In this post, we will discuss some alternatives to the H-1B visa that will allow you to stay and work in the United States.
The O-1 “Extraordinary Ability” Visa:
This visa type is for aliens of extraordinary ability in the sciences, education, business, athletics, motion picture, television, or arts industries who have received national and/or international acclaim in their field. An alien on an O-1 visa may live and work in the United States for a period of up to three years.
An O-1 visa is a great visa for people in the start-up world and technology sector. This visa is for people holding an advanced degree (at least a master’s degree) who have either started their own business, have patented inventions, are leading experts in their fields, and/or have gained notoriety in their fields as evidenced by awards and other national recognitions.
TN Visa for Mexican and Canadian Nationals
The TN visa allows nationals of Mexico and Canada to work in the United States, provided their profession is on the NAFTA list. The maximum period of initial admission to the US is three years, but visa holders may apply for extensions in amounts of one year.
E-3 Visa for Australian Nationals
Similar to the H-1B visa, the E-3 classification allows Australian nationals to travel to the United States to work in a specialty occupation. Applicants must have a bachelor’s degree or its equivalent to qualify and must work in a specialty occupation often associated with the STEM occupational fields. The E-3 visa is issued for an initial period of no more than 2 years, with extensions granted in 2-year increments.
0:18 – Tip number 1: Make sure make sure that your education matches the job that you’re applying for.
1:08 – Tip number 2: Make sure that the job itself requires a degree.
1:50 – Tip number 3: Understand what is the salary that is required to be paid for this position.
2:38 – Tip number 4: Make sure that the application that is filed is highly organized.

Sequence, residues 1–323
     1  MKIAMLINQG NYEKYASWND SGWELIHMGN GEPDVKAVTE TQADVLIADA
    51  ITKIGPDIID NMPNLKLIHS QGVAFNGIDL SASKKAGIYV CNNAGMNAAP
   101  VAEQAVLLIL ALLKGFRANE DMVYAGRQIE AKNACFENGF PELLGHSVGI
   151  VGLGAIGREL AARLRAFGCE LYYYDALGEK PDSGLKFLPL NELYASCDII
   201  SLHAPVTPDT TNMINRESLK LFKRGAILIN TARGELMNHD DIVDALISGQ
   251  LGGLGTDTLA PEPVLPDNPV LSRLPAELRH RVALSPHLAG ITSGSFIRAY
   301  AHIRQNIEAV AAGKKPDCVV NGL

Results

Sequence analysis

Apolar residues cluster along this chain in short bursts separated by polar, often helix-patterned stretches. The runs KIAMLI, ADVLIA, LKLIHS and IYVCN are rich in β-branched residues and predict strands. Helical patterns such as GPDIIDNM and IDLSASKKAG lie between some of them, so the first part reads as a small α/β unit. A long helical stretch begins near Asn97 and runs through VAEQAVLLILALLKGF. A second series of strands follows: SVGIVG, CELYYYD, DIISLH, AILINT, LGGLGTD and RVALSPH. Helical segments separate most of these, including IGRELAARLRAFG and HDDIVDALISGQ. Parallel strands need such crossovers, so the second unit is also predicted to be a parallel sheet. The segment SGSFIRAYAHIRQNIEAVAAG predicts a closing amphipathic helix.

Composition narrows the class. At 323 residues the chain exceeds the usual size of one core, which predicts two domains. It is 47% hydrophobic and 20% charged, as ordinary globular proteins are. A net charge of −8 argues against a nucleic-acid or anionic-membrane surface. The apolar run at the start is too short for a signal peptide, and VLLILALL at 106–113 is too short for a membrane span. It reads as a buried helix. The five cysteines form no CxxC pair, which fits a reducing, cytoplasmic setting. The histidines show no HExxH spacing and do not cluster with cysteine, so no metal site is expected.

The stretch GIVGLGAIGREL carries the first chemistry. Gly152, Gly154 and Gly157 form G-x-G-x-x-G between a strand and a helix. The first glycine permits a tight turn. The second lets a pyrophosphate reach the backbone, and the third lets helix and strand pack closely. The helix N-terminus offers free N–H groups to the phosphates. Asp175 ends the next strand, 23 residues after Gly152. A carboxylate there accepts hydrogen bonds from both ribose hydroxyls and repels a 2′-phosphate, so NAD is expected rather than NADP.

3:55 – Tip number 5: Send the application to the correct address.
In this video attorney Jacob Sapochnick discusses his top tips for filing a successful H-1B visa this H-1B season.
Remember that USCIS will begin accepting H-1B petitions subject to the FY 2019 cap on April 2, 2018. The filing period is expected to end on April 6, 2018.
Step One: Make sure your education matches the job duties required by the employer who will be sponsoring your H-1B petition. If your degree is unrelated to the position, you will not qualify for the H-1B visa, unless you have extensive work experience directly related to the position. It is very difficult to gain approval if your degree is not related to the position you will be filling.
Breaking news, a federal judge for the District of Columbia, issued a ruling in the lawsuit, National Venture Capital Association, et.al. v. Duke, et. al, overturning the government’s delay of the International Entrepreneur Rule. This means that international entrepreneurs may now apply for parole under the rule as of Friday, December 1, 2017. The caveat, however, is that since the ruling was just handed down on Friday, no application has yet been released to apply under the rule, and the current parole application is not suited for the rule. It is expected that the government will soon issue a statement regarding the court’s decision and provide further guidance on what form to use.